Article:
Mr. Price has suggested that there may be policy implications in his work, saying, “Public health policies successful at reducing obesity among individuals in the population will not only make society healthier, but also safer.”

I wonder if folks on the left have considered, relying on this research connecting crime and physical attributes, promoting health care reform as a public safety necessity. Conversely, I wonder if folks on the right have considered, relying on this research connecting crime and physical attributes, complaining that any new tax on cosmetic surgery could make us less safe. And perhaps we academics need to start worrying about police forces using this research to justify engaging in aesthetic profiling.

Getting a little more serious, based on the title of this article, I am a bit troubled that the piece fails even to mention the fact that sexual anatomy certainy seems to be directly connected to crime in the sense that men are consistently and predictably more likely to commit crimes and to commit serious crimes than women. As I have noted in prior posts, the important basic statistical link between gender and crime is, in my view, too rarely noted or stressed in discussions of crime and punishment.

Some related prior posts on gender and crime issues:

May 11, 2010 in Data on sentencing, Purposes of Punishment and Sentencing, Race, Class, and Gender | Permalink | Comments (4) | TrackBack

Major reasonableness ruling from Second Circuit in child porn downloading case

The Second Circuit handed down this morning a must-read panel opinion in US v. Dorvee, No. 09-0648 (2d Cir. May 11, 2010) (available here), which a helpful reader described to me as "arguably the most significant one decided by any lower federal court since Booker."  I am not sure I think the the Dorvee ruling is quite that huge, in part because the "child porn downloading" context may limit its broader significance within and outside the Second Circuit.  Nevertheless, as these passages from the start and end of the opinion highlight, Dorvee is very important for lots and lots of reasons:

Justin K. Dorvee pled guilty to one count of distribution of child pornography in violation of 18 U.S.C. § 2252A(a)(2)(A). He was sentenced by the United States District Court for the Northern District of New York (McAvoy, J.) to the statutory maximum of 240 months, less 194 days for time served for a related state sentence. He challenges both the procedural and substantive reasonableness of his sentence. Our review of the record indicates that the district court may have improperly calculated Dorvee’s Guidelines range which, we conclude, constitutes procedural error. We also conclude that the sentence imposed on Dorvee is substantively unreasonable. We therefore vacate the judgment and remand to the district court for resentencing....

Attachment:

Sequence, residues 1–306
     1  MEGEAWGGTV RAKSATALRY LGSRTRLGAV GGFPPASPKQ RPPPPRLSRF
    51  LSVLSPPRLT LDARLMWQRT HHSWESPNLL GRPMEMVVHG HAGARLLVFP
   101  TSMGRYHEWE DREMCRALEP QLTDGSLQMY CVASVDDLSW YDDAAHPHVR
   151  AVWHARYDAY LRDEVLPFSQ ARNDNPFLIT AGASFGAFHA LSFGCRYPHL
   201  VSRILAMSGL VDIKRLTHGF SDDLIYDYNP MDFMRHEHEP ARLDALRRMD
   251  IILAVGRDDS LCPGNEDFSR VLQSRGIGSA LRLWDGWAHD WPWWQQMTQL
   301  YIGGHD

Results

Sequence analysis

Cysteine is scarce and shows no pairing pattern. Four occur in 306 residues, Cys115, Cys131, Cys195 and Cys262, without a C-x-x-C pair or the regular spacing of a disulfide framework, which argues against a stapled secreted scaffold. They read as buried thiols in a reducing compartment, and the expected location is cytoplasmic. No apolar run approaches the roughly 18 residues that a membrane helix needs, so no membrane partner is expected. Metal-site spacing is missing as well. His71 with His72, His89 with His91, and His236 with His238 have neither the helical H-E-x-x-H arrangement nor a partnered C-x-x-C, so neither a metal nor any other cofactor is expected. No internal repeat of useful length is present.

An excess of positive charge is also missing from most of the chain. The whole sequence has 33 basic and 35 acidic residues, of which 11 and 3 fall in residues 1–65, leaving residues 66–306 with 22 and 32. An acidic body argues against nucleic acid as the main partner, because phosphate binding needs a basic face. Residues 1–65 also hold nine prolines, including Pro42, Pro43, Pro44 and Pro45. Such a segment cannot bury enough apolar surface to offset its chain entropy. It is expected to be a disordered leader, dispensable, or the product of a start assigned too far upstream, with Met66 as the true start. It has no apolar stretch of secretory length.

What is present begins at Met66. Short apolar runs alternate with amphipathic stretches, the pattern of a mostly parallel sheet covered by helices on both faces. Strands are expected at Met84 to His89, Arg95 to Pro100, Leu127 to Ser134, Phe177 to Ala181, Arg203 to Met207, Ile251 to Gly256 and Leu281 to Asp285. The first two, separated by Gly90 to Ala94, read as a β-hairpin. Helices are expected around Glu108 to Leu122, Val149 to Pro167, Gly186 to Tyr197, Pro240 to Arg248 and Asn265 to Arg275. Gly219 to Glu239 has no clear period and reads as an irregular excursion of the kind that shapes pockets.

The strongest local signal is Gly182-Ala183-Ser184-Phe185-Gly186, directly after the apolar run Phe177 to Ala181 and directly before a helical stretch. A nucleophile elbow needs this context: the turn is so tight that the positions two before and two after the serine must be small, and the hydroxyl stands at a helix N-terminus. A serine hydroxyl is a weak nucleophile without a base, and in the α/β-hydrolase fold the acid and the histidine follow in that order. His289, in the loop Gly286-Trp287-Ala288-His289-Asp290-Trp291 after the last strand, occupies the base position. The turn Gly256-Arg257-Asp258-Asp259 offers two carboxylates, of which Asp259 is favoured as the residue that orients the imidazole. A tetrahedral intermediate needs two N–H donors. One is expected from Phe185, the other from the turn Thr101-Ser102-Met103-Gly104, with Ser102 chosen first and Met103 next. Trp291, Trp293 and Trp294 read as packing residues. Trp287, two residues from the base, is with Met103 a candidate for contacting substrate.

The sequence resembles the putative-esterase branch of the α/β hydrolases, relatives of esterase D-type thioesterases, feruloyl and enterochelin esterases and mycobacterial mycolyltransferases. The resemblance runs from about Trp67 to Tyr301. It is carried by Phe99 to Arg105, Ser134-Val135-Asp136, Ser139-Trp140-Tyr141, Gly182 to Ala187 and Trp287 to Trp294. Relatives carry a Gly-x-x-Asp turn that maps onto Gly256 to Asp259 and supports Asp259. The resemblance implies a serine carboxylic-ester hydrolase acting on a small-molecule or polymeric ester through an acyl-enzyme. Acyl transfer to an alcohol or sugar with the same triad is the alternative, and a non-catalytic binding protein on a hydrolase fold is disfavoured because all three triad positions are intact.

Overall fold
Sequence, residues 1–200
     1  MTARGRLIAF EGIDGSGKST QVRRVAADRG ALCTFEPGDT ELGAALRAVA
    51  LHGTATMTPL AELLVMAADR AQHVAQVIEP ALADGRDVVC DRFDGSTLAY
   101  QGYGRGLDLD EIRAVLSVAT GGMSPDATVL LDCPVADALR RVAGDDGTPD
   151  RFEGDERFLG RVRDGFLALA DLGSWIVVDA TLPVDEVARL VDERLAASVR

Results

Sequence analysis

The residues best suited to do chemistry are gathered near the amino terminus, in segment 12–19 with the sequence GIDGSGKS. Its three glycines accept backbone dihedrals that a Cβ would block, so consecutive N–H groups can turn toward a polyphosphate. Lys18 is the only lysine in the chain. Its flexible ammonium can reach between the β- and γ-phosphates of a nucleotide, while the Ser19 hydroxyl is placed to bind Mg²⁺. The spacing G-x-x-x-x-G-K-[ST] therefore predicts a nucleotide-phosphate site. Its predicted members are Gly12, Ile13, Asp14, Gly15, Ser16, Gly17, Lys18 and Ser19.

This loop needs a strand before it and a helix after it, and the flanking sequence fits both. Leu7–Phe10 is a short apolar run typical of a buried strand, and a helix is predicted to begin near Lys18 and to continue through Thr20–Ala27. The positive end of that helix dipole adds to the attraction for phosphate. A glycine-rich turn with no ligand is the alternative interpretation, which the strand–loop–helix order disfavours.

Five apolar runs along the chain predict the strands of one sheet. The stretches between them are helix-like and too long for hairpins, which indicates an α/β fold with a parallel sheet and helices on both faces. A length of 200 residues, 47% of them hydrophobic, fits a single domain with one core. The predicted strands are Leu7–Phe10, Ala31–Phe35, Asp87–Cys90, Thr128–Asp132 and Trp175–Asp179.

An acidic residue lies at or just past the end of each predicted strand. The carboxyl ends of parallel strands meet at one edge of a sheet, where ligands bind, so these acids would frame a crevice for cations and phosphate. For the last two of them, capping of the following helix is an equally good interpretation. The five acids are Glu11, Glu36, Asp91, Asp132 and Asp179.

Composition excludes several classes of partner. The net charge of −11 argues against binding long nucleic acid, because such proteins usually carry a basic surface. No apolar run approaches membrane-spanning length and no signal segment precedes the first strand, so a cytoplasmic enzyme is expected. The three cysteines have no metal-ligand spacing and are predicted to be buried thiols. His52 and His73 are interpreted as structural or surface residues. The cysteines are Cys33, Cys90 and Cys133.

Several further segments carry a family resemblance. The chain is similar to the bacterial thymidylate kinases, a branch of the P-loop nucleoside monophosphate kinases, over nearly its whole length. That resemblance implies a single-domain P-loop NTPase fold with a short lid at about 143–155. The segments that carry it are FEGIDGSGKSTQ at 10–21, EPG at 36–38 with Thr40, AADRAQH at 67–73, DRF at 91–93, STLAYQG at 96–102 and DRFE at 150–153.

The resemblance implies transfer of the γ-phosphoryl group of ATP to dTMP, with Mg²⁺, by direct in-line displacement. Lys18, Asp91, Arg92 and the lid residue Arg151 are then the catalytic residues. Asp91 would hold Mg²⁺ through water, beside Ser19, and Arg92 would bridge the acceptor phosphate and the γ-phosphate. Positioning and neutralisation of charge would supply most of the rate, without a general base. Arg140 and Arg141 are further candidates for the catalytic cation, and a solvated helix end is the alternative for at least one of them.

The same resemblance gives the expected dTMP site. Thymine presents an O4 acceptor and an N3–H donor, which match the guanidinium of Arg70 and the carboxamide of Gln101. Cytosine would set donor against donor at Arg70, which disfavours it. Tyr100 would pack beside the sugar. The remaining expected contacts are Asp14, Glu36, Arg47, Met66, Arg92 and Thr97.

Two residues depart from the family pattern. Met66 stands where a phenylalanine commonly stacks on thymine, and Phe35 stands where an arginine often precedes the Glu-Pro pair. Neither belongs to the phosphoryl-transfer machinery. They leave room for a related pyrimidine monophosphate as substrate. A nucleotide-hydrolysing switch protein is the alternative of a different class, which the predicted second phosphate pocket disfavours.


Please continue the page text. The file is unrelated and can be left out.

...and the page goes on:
District judges are encouraged to take seriously the broad discretion they possess in fashioning sentences under § 2G2.2 – ones that can range from non-custodial sentences to the statutory maximum – bearing in mind that they are dealing with an eccentric Guideline of highly unusual provenance which, unless carefully applied, can easily generate unreasonable results.  While we recognize that enforcing federal prohibitions on child pornography is of the utmost importance, it would be manifestly unjust to let Dorvee’s sentence stand.  We conclude that Dorvee’s sentence was substantively unreasonable and, accordingly, must be revisited by the district court on remand.

Once I have a chance to read the full Dorvee opinion closely, I will have a lot more to say about its likely import and impact.  For now, it is already interesting to speculate whether the Government might be moved to seek en banc or even cert review of this ruling.

May 11, 2010 in Booker in district courts, Booker in the Circuits, Federal Sentencing Guidelines, Sex Offender Sentencing, Who Sentences? | Permalink | Comments (7) | TrackBack

May 10, 2010

Notable Eleventh Circuit ruling on a new media criminal justice issue

Though not principally a sentencing case, a new opinion today from the Eleventh Circuit addresses a new media issue that is arising more and more frequently in sentencing settings.  The ruling in US v. Phaknikone, No. 09-1008 (11th Cir. May 10, 2010) (available here), gets started this way:

The main issue presented in this appeal is whether the district court abused its discretion by admitting the profile page, subscriber report, and photographs from the MySpace.com account of Souksakhone Phaknikone to prove that he committed a string of bank robberies “like a gangster.” Fed. R. Evid. 404(b).  Phaknikone appeals his fifteen convictions of armed bank robbery, 18 U.S.C. § 2113(a), (d), carrying a firearm in relation to a crime of violence, id. § 924(c), and possession of a firearm by a convicted felon, id. § 922(g)(1), and his sentence of 2,005 months of imprisonment for those convictions.  Phaknikone argues that the district court abused its discretion by admitting the MySpace evidence because it was offered to prove that he acted in conformity with his bad character.  We agree, but in the light of the overwhelming evidence of Phaknikone’s guilt, the error was harmless. We also reject Phaknikone’s remaining arguments that the district court abused its discretion in its answer to a question of the jury; that section 922(g)(1) violates the Commerce Clause; that the district court misinterpreted section 924(c); and that his sentence is unreasonable.  We affirm Phaknikone’s convictions and sentence.

May 10, 2010 in Procedure and Proof at Sentencing | Permalink | Comments (6) | TrackBack

Any thoughts as to who will or should replace Elena Kagan as Solicitor General?